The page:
DeadHappy, which saw triple-digit growth in the last 12 months after launching in early 2019, has seen a whopping 87% year-on-year rise in consumers searching for ‘deathwishes’ on its platform. Considered the brand’s USP, these are a way of helping customers express what they want to happen when they die.

“Some of the options we give them are the financial, responsible stuff – we have standard deathwishes for paying off the mortgage, school fees, one for debt,” Zeidler explains.

“We get the real engagement from customers when it comes to the other stuff: opting for a Viking or Star Wars funeral; to have your ashes fired into space so you’re up there when your loved ones look up at the stars at night. We partner with companies that can carry out these wishes.

“It might be leaving a pot of money to buy their son a brand new football kit every season or sending a bunch of very good mates on a final golfing tour in Vegas – one last hurrah. 

“If you do this on a life insurance policy, you can put a pot of £25,000 in there for them and it might only cost you an extra £50 a month. You can do some pretty amazing things.”

 

Zeidler sees DeadHappy as a death services provider. Digital wills are already on the platform and the co-founder says it is looking at helping people access affordable funeral services in the future, while he expects to launch in its first overseas territory by the end of next year.

The firm has raised three rounds of VC funding amounting to around £10m from Octopus Ventures, e.Ventures, Headline and Channel 4 Ventures, as well as £2.4m from a crowdfunding campaign featuring 1,200 investors including VentureFounders.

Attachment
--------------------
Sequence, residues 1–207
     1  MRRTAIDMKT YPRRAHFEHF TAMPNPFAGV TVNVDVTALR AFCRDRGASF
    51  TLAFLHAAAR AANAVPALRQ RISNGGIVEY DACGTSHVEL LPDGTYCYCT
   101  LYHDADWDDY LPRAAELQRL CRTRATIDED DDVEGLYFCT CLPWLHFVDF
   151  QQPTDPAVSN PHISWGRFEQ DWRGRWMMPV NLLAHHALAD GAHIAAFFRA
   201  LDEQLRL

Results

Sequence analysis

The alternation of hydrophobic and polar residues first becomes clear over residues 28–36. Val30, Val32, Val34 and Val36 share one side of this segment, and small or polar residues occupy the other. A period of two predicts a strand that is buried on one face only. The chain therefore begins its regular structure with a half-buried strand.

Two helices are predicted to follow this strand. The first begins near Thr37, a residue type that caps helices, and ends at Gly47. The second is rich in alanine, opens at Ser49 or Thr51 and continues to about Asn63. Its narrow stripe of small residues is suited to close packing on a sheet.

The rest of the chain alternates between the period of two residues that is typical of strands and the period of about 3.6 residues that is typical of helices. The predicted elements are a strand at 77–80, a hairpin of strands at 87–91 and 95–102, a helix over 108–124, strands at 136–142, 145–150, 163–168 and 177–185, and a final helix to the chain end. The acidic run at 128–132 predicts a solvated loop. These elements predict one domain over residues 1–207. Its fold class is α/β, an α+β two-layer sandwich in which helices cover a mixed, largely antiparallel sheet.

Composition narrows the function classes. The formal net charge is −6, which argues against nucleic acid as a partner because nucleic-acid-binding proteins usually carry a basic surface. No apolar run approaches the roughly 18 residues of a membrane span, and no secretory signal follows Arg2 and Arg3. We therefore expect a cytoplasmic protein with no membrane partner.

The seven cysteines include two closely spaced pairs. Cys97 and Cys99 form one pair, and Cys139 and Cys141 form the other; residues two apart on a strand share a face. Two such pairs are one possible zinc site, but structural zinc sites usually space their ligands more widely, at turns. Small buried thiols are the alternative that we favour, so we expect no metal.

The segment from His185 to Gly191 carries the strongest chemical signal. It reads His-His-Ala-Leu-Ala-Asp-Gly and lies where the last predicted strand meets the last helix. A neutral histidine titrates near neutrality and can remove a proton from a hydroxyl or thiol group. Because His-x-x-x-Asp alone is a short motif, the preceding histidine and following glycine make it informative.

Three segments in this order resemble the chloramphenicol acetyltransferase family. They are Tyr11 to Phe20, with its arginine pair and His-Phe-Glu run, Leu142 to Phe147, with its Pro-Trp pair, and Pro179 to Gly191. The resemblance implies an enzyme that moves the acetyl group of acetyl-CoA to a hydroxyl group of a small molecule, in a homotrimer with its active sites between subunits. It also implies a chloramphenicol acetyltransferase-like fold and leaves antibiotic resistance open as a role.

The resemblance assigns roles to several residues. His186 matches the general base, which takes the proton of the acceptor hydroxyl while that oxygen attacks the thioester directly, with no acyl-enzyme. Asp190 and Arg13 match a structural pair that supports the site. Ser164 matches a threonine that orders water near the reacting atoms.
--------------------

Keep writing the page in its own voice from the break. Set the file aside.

It employs 28 people at present and a recruitment drive is imminent. “We’ll probably double that over the next year or so,” reveals Zeidler. “We’ll be recruiting quite a large number of software engineers, data guys, product people; and then in the growth area we’re looking for marketing expertise, partnerships, the relationship management space.

“We’ve identified 15-20 roles that we’ll be recruiting for pretty quickly.”

Zeidler abhors hierarchy and says his colleagues refer to him simply as Phil. “I don’t want people to call me the CEO because it comes with a sort of tag where people treat you differently – and that’s unhelpful.

“I definitely don’t have all the answers. I will definitely be wrong on lots of occasions. I definitely need to be challenged. I will mess up like anyone else. 

“I think that’s probably the most important continual lesson I’ve learned in life: don’t judge people. You have to be gracious wherever you can, and give people every opportunity if something has gone wrong to put it right. And more often than not people take it.

“How you treat people is really important. Do you stop to think about putting yourself in the other person’s shoes? Do you know what’s been going on at home, what challenges they’ve got? There might be all sorts of different reasons why people are behaving the way they do.” 

 

He says DeadHappy “doesn’t have any rules”. “We just don’t deal with corporate b*******. We’ve never had set hours of work: come into the office if you need to, but if you don’t, don’t.

“One of our values is ‘you’re not a child’. If we don’t tell people what time to get up in the morning, how to dress, what to eat for breakfast and how to get to work, why would we tell them what time to be in? 

“People are adults, so treat them like adults. Make sure they’re really clear about what they need to do in terms of the objective – so you agree that – and then let them crack on.”